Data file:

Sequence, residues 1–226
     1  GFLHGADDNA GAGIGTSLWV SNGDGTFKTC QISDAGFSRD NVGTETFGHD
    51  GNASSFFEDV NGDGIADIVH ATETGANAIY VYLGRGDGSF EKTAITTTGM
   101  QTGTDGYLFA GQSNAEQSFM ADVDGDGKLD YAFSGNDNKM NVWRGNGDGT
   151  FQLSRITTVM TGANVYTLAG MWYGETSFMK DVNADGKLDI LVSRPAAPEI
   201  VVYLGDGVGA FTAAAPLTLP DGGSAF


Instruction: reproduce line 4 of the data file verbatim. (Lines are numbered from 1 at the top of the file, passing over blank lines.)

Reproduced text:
   101  QTGTDGYLFA GQSNAEQSFM ADVDGDGKLD YAFSGNDNKM NVWRGNGDGT